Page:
The other day I was reading a post by John, from The Bartolini Kitchens, and the penny dropped.
John mentioned that he loved to make jam but wasn’t too keen on eating jam and toast. I smiled as I read that because I am the same. I can’t possibly throw out excess fruit so I make preserves and then we end up with jars and jars of jam that take us years to consume. My melon, lemon and ginger jam I made this time last year comes to mind. It tastes great but we have probably only eaten two jars in one year.
John’s post featured pork tenderloin with plum sauce. The base of his plum sauce was plum jam which John had made the previous summer. I was very impressed that John had found a use for some of his jam and it got me thinking about my melon, lemon and ginger jam. Melon and ham go well, as do pork and ginger. There and then, I decided to try pork with some of my jam.
The experiment was a raging success. Maus gave it the thumbs up. Now, I know you are not going to have the same jam as me in your pantry but check out what you have and think about with what you could marry it. Marmalade is an obvious choice for chicken or fish. You may like to check out this page for some great savoury ideas for jam.
My recipe was inspired by John’s post.
Pork with melon and ginger sauce
- 1 pork fillet
- approximately 3 tbs* of oil
- ½ large onion, finely diced
- 2 cm knob of ginger, finely grated
- 1 garlic clove, crushed
- 1 glass of white wine or, if you are so unfortunate as not to have a wine glass in your hand: ½ a cup
- 125g melon, lemon and ginger jam (or any jam you think might go)
- Preheat your oven to 180°C.
- Heat the oil in an oven proof pan, brown the pork on all sides, remove the pork from the pan and set aside.
- Add the onion to the pan and cook for a minute or so.
- Add the ginger and garlic, stir to combine and cook for another minute.
- Add the wine and deglaze the pan.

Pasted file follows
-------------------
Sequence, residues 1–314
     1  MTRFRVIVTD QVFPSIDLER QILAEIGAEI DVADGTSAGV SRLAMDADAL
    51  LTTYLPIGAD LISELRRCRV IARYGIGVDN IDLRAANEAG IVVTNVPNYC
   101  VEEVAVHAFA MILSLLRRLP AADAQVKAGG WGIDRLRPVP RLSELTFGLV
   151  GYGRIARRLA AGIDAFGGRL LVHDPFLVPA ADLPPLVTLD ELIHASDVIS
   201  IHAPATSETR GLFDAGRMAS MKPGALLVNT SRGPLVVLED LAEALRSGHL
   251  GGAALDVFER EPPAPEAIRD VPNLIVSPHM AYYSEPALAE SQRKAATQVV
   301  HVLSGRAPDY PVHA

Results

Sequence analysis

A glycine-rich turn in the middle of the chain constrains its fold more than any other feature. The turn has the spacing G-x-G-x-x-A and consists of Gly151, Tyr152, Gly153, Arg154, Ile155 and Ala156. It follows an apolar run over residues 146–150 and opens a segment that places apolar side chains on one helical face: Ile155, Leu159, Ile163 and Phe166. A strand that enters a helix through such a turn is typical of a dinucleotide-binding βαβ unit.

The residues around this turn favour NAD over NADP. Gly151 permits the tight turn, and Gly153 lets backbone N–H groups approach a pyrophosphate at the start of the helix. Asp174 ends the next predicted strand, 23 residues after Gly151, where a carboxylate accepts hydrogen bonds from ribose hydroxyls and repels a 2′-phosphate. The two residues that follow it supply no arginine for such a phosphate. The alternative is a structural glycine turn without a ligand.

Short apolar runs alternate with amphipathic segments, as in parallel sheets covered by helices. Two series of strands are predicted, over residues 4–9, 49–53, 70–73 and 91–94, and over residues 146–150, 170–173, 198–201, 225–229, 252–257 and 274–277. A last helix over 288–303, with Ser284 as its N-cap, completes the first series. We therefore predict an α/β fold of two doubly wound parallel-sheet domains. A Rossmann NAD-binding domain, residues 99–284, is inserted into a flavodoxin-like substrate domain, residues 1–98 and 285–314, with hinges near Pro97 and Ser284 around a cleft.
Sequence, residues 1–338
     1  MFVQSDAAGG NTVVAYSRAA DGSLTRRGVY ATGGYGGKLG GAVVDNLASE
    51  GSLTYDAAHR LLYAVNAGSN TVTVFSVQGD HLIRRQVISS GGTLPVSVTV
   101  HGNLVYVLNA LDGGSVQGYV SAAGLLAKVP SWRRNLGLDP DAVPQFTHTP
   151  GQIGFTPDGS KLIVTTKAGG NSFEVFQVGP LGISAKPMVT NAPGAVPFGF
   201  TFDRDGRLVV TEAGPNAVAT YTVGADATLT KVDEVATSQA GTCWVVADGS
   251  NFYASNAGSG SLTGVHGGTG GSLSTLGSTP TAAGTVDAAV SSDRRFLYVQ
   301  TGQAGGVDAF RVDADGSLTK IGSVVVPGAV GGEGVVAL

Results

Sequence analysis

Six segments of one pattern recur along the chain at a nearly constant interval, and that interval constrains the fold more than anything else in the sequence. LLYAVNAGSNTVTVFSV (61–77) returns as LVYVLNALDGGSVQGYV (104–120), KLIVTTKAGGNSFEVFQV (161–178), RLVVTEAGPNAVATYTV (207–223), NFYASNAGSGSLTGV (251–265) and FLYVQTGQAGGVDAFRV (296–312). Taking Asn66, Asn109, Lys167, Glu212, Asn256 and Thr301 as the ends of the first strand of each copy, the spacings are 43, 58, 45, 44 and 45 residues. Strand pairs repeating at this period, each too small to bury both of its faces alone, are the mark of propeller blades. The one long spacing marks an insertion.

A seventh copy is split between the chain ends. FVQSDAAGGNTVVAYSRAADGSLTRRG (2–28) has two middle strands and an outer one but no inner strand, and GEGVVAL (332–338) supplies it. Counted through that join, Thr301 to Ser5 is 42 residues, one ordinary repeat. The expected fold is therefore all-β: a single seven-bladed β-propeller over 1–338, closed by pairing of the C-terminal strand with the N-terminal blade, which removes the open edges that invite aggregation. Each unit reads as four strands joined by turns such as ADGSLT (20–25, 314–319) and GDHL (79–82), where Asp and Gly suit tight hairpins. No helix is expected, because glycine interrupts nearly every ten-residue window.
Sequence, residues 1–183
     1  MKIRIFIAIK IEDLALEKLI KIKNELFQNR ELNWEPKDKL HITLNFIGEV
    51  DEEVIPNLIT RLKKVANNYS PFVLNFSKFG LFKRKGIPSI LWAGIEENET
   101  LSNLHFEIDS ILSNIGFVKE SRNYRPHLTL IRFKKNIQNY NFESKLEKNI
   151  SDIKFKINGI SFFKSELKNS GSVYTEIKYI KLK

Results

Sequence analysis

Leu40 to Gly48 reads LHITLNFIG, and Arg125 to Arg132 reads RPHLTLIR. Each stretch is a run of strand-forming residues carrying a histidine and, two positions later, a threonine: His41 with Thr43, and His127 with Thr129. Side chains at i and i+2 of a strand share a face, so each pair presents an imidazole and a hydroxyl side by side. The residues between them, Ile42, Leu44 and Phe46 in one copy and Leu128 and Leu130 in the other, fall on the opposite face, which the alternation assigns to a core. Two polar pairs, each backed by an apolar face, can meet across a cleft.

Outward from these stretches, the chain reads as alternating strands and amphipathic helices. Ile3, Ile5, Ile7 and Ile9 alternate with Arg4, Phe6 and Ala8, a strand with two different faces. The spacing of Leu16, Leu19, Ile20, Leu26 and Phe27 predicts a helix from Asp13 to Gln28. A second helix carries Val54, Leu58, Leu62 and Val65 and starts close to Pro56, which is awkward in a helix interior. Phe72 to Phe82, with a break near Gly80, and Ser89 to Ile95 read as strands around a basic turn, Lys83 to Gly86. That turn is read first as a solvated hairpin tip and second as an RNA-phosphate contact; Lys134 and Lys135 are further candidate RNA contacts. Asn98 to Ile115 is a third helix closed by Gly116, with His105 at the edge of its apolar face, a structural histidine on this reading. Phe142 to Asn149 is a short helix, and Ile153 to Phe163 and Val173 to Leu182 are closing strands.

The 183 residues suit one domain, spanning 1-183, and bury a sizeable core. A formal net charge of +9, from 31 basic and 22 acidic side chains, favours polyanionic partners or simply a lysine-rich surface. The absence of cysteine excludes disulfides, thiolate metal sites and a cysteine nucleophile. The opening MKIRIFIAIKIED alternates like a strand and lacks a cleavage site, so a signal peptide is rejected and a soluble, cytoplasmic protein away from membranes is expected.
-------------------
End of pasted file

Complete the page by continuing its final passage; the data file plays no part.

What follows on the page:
- Turn down the heat, cover and cook gently until the onion is nice and soft but not brown (at least, 10 minutes).
- Add the jam and stir until the jam has melted and mixed with the other ingredients.
- Return the pork to the pan and coat in the sauce.
- Place the pan in your preheated oven and cook until the pork is cooked to your liking. Baste regularly with the sauce.
- Serve with the sauce piled on top of the pork.
As an accompaniment, I served bok choy in oyster sauce which was perfect.
Bok Choy in oyster sauce (based on a recipe from Marie Claire, Cooking by Donna Hay)
- bok choy (I used three, but should have used four)
- 2 tsp sesame oil
- 1 tsp grated ginger
- 3 tbs* oyster sauce
- 3 tbs* chicken stock
- 1 tbs* soy sauce
- 2 tsp sugar
*These are 20mil tablespoons.
- Slice the stems of the bok choy and leave the leaves whole.
- Heat the oil for one minute, add the ginger and the stems and cook for a couple of minutes.
- Add the remaining ingredients, including the bok choy leaves and cook until the leaves are wilted.
Ok, this photo is not the best but the meal was delightful. I don’t know why, but the piece of fish in this photo looks huge. I don’t remember it being that big, it must be the camera angle.
The recipe (crushed olive oil potatoes and baked flathead with mint and caper dressing) was featured by Lona from Lona’s in the Kitchen. The recipe is from this month’s Cook Book Guru feature cookbook, Karen Martini’s Cooking at Home.
When I read the salsa ingredients, I began to get excited because I had all the ingredients for the salsa either in my garden or in jars from previous seasons’ harvests.
I bought barramundi farmed in New Zealand. I don’t know much about fish but I do know barramundi is lovely and I hoped our neighbours’ farming practices are ok. The salsa was to die for, the barramundi was fab and, as an added bonus, I was also able to add some of our millions of tomatoes to the plate for, as Lona mentioned, it needs a bit of colour. Absolutely lovely – you should give it a try.